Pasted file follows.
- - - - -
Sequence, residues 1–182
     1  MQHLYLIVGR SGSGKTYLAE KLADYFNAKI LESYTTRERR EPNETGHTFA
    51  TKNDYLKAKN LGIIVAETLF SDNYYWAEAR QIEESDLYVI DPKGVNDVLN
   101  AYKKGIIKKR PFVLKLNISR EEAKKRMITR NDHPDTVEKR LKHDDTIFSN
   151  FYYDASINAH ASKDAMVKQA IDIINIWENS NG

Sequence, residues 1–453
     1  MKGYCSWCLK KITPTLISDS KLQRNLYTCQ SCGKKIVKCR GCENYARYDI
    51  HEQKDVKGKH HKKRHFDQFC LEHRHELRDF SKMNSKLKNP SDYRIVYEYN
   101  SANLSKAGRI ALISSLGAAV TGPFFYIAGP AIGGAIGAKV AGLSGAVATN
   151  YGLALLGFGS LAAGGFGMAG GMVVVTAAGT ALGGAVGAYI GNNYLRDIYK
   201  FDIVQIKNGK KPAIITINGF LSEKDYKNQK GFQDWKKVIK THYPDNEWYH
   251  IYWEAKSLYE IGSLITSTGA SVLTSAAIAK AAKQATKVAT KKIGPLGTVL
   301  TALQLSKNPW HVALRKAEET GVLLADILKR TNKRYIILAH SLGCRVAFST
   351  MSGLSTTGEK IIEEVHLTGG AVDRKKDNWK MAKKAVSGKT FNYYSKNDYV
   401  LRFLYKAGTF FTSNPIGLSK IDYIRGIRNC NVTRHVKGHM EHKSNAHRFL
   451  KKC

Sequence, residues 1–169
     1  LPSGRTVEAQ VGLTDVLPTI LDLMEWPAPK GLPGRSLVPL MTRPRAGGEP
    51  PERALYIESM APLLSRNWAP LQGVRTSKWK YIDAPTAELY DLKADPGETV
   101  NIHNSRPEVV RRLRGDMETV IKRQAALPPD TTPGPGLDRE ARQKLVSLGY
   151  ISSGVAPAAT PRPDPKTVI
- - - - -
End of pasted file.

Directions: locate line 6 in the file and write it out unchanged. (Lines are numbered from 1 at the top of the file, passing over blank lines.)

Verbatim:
Sequence, residues 1–453